I found this video, about 30 minutes long, courtesy of Brad Feld. It does a decent job of covering the macro fundamentals of a capitalist, credit based economy, and the inevitable cycles.
This video is about 30 minutes long. Mike Gehard mentioned it to me, and I enjoyed the heck out of it. Many takeaways from this. One is is how using test doubles make sense at the beginning of a software project, but how it will eventually come back to bite you as the method signatures of dependencies change, and your tests don’t fail. Another is how you can write ‘fauxO’, a nice combination that has the strengths of functional programming and OO programming. A third is how and where integration tests make sense.
Overall, what he proposes is that the boundary of any object that makes decisions have parameters that are simple values so that that it is always easy to unit test them. Out of this proposal fall several nice features.
Well worth the time to watch.
AWS Re:Invent is supposed to be a great conference. I have thus far been unable to attend, but the videos of the presentations are posted online with about a day’s lag. So, like most conferences, you really should be networking and meeting people face to face rather than attending the presentations.
Here’s the AWS Youtube channel where you can watch all the videos, or just sample them.
I’ve found the talks to be of varying quality. Some just rehash the docs, but others, especially the deep dives, discuss interesting aspects of the AWS infrastructure that I haven’t found to be documented anywhere (here’s a great talk about Elastic Block Storage from 2016). The talks by real customers also give a great viewpoint into how AWS’s offerings are actually implemented to provide business value (here’s a great talk from 2016 about using Amazon Machine Learning to predict real estate transactions).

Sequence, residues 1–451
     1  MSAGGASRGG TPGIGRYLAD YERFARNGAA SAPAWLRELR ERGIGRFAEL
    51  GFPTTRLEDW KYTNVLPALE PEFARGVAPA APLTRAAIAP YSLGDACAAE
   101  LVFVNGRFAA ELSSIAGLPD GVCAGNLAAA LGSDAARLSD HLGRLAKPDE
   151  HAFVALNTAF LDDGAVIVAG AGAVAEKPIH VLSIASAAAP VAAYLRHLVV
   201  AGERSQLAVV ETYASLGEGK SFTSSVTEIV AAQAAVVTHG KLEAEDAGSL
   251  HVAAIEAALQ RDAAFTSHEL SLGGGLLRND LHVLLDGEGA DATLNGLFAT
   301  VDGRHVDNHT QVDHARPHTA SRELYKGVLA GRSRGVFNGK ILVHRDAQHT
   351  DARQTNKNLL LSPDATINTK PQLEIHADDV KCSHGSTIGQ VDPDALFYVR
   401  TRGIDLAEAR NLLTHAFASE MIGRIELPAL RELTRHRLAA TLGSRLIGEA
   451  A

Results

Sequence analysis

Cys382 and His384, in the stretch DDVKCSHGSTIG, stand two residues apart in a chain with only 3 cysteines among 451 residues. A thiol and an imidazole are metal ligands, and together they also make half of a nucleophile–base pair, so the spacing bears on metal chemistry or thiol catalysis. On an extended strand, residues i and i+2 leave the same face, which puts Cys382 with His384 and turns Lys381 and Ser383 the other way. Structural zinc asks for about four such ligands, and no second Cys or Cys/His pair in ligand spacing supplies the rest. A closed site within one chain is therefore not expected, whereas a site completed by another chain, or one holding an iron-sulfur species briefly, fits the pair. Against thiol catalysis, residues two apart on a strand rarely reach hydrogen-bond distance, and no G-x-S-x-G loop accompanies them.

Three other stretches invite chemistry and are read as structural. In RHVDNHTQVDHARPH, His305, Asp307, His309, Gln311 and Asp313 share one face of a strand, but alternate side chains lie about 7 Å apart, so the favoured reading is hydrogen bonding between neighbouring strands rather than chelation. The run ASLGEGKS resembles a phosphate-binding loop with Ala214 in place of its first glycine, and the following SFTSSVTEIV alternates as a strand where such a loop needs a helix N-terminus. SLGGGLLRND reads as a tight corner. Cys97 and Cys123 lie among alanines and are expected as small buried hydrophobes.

It’s a sprawling conference, well suited to AWS’s sprawling offering, and I bet no matter what your interest, you will be able to find a video worth watching.
Would you like an easy introduction to machine learning? Without downloading any open source software, reading documentation and blog posts, and/or installing and configuring the system?
Amazon Machine Learning is a great way to explore machine learning without having to run any infrastructure. It lets you build high performance cost effective systems to predict outcomes based on past data.
If you’re interested in learning more about Amazon Machine Learning, you can view my video course on O’Reilly Safari. Over an hour and a half of video talking about all aspects of Amazon Machine Learning.
This course shows you how to build a model using Amazon Machine Learning (Amazon ML) and use it to make predictions. AWS expert Dan Moore covers the basic types of machine learning, how to prepare your data, and how to make your data available to the Amazon Machine Learning processes. You’ll also learn about evaluating a model for accuracy, using it both for batch and real-time predictions, and using tags to manage environments. Designed for developers and technical marketers new to machine learning and for data scientists interested in using the AWS Amazon ML platform, the course provides hands-on experience building a working predictive model using real data. Learners should obtain an AWS account (free from Amazon) and a basic understanding of AWS concepts before beginning the course.
It’s only the beginning, lots more tech fun in the future:
Think about decisions from all perspectives…
6 minutes of a Flint MI man moving large stones via human ingenuity.
Blame yourself first. What can you do about a bad situation?
About 3 minutes of marketing for Veniam, a Portugese company that is building the hardware and software stacks for mobile mesh networking. Pretty cool–I’d love for Boulder to have a network connection on every bus.
This is an hour long video, featuring some cursing, good advice and colorful stories. It is a great overview of how to stay excited as a developer. From 2009.